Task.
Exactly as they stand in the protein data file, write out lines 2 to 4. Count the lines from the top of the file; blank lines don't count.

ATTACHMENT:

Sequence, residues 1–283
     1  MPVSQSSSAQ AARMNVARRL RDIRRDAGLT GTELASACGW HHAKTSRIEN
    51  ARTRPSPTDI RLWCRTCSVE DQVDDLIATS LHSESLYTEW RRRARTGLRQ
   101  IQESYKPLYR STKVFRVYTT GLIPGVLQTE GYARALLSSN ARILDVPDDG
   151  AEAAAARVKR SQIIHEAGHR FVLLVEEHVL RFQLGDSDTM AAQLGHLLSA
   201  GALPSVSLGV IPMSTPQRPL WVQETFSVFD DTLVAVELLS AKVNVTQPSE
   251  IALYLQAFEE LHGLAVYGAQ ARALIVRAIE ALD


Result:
     1  MPVSQSSSAQ AARMNVARRL RDIRRDAGLT GTELASACGW HHAKTSRIEN
    51  ARTRPSPTDI RLWCRTCSVE DQVDDLIATS LHSESLYTEW RRRARTGLRQ
   101  IQESYKPLYR STKVFRVYTT GLIPGVLQTE GYARALLSSN ARILDVPDDG